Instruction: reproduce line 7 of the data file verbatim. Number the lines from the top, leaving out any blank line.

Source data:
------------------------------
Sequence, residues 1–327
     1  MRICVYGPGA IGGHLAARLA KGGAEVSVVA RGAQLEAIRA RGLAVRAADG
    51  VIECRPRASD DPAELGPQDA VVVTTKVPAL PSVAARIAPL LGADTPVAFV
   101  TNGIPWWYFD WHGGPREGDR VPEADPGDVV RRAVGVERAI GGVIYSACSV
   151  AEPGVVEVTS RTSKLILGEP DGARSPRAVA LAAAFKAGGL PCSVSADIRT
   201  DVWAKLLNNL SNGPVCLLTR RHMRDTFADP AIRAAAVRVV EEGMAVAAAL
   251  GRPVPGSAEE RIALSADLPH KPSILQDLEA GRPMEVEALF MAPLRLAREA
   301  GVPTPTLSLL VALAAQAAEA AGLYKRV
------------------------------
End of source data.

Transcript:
   251  GRPVPGSAEE RIALSADLPH KPSILQDLEA GRPMEVEALF MAPLRLAREA